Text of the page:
Unfortunately, from time to time, a product changes its formula to – gasp! – add gluten! In this article, I share 8 brands that have added gluten, changed labels, or otherwise confused the gluten-free community with their about-face moves. Please read my disclosures.
This post includes a running list of products that were once gluten-free but are no longer gluten-free.
It serves as a stark reminder of the importance of continuously checking ingredient labels, even if it’s a product you’ve bought a hundred times.
Labels, ingredients, and formulations are subject to change anytime and without any notice.
Please send me a note if you hear or know of a product that should be included on this list. Last updated September 2023.
(1) PopCorners Removes Gluten-Free Certification
PopCorners was once a trusted brand by the gluten-free community as its entire line was certified gluten-free by the GFCO.
However, sometime in 2022, the company changed its formula and removed the “certified gluten-free” label from several varieties.
My friend, Casey the College Celiac, shared these changes on her Instagram page, along with a response from the company, where a spokesperson confirmed that the White Cheddar and Sweet Chili flavors no longer meet the FDA’s requirement for gluten-free labeling.
This sleight of hand has left many people in the gluten-free community confused about why PopCorners would add gluten to a line-up of products that prided itself on being 100 percent certified gluten-free.
Flavors that are NO LONGER Gluten Free:
- Sweet Chili
- White Cheddar
If you want to enjoy PopCorners, the Cinnamon Crunch, Sea Salt, Kettle Corn, Spicy Queso, and Sour Cream & Onion flavors are still certified gluten-free by the GFCO.
(2) LightLife Adds Vital Wheat Gluten, Then Removes It
You might get whiplash following the LightLight Smart Dogs saga. It all started when my friend Wendy told me she had been buying these plant-based hot dogs for years and even had a “gluten-free” Smart Dogs package in her freezer.
Then, while shopping at the grocery store, something compelled her to check the label before adding it to her cart. Sure enough, she stared at the package in disbelief! LightLife changed its formula and added vital wheat gluten as an ingredient!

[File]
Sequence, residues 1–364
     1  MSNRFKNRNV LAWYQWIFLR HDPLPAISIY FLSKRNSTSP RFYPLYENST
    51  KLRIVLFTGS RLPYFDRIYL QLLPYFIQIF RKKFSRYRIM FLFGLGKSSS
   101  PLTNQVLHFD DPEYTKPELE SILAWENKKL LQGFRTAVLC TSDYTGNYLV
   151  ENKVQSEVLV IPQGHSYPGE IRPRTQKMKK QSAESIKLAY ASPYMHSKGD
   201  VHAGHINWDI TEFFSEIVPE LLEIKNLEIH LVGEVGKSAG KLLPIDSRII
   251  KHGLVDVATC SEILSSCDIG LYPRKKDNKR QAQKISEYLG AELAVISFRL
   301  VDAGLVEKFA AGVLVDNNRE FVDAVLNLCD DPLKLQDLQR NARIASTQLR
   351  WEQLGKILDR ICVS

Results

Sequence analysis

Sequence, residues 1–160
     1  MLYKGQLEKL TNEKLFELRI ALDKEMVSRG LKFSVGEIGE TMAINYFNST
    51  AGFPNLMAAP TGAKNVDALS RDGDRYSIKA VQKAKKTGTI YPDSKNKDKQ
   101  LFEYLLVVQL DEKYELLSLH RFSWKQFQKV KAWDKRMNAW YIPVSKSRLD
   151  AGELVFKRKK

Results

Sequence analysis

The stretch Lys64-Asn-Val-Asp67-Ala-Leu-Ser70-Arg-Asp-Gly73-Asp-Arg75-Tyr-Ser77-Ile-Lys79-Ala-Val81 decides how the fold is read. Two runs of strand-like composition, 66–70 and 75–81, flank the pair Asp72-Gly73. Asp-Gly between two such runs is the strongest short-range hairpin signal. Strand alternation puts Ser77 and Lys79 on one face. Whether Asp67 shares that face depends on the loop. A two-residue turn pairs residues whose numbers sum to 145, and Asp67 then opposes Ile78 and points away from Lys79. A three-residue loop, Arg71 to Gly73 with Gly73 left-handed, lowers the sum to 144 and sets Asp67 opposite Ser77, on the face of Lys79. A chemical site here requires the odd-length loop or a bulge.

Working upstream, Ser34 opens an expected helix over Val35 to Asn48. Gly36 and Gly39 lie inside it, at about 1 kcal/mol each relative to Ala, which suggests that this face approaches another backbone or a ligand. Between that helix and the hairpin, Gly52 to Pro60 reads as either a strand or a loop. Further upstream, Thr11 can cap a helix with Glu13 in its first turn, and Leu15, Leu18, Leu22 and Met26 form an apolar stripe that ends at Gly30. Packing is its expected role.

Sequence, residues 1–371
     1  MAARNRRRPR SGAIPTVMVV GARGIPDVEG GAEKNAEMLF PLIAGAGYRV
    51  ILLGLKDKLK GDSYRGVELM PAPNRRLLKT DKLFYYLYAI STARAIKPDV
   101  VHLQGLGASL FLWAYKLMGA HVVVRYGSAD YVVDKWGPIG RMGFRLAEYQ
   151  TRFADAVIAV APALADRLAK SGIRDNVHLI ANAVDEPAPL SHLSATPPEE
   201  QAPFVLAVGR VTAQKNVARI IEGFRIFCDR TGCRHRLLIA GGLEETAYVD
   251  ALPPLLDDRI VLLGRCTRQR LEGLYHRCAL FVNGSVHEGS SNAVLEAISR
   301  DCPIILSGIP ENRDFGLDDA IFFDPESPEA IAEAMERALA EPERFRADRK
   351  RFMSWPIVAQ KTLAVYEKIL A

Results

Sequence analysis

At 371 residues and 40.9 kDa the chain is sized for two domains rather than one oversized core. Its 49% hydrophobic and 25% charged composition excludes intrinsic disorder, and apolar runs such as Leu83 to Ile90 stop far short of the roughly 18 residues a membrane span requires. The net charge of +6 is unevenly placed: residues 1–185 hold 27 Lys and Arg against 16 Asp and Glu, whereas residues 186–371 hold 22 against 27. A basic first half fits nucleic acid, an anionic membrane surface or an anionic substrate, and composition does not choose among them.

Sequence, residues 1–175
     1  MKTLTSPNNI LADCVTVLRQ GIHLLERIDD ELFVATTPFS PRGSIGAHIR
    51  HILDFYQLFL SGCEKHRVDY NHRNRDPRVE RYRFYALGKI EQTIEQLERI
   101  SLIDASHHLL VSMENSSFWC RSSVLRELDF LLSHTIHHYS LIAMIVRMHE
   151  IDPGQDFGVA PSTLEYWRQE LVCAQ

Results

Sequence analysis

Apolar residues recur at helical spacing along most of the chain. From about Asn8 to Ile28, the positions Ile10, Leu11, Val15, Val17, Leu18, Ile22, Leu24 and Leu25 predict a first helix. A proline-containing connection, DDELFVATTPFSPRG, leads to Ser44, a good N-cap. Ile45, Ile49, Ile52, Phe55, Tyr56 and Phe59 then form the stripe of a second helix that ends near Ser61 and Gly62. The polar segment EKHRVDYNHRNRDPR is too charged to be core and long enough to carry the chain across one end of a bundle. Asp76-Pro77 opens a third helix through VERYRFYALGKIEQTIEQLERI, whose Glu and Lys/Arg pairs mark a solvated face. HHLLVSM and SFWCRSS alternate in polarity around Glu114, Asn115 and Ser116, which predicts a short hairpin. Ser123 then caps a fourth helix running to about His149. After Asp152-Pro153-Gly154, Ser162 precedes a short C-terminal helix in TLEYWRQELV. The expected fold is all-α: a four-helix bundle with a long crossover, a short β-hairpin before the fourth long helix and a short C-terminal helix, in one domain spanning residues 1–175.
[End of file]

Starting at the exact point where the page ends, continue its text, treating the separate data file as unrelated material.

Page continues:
LightLife fielded a ton of complaints from consumers (including me). Here’s what LightLife said in a Tweet dated February 12, 2021:
Since then, LightLife Smart Dogs have returned to the original formula, saying on its website, “Our customers talked, and we listened! We learned our fans enjoy our old Smart Dogs recipe, so we’ve changed back to the recipe our fans know and love.”
The Smart Dogs are not labeled “gluten-free,” which is an issue in of itself, but as you can see from the ingredient list, they removed the vital wheat gluten:
Ingredients as of January 2023: Water, Soy Protein Isolate, Soybean Oil, Raw Cane Sugar, Salt, Contains 2% Or Less Of Pea Protein, Tapioca Starch, Yeast Extract, Natural Flavor, Garlic Juice Concentrate, Sunflower Oil, Glutamic Acid, Xanthan Gum, Carrageenan, Garlic Powder, Guar Gum, Hardwood Smoked Sugar, Red Rice Flour (Color), Canola Oil, Oleoresin Paprika (Color). Contains: Soy.
The company says products labeled “gluten-free” are produced in a gluten-free facility. Such products include Plant-Based Burgers and Ground.
However, the company says its products that don’t contain wheat but are not labeled gluten-free are likely produced in a shared facility and are exposed to potential gluten cross-contamination.
LightLife also tells consumers to consult their physicians before consuming any of their products, as if my physician knows what LightLife puts in its products. The monkeys in charge should reconsider the wording on the company’s website.
The bottom line is that LightLife Smart Dogs are not consistently gluten-free. Read labels for the latest information.
(3) Better than Bouillon No Longer Gluten-Free
The author said that Better than Bouillon had been labeled “gluten-free,” but in 2012, she noticed the product no longer contained the “gluten-free” label.
She contacted the company, which confirmed that Better than Bouillon was no longer labeled gluten-free because the company doesn’t “test” its products for gluten and, therefore, cannot make claims about it.
(4) Pizza Hut Discontinues Partnership with GIG
If you’ve been a part of the gluten-free community for a while, you might recall when Pizza Hut offered “certified gluten-free” pizzas in partnership with the Gluten Intolerance Group Gluten-Free Food Service Program.
Unfortunately, as of May 2019, Pizza Hut terminated its relationship with the Gluten Intolerance Group and no longer offers certified gluten-free pizza options.
While Pizza Hut still offers non-certified gluten-free pizza options, the restaurant chain no longer recommends its gluten-free pizza for people with celiac disease. In fact, none of the five pizza chains recommend their gluten-free pizza for people with celiac disease. What a shame.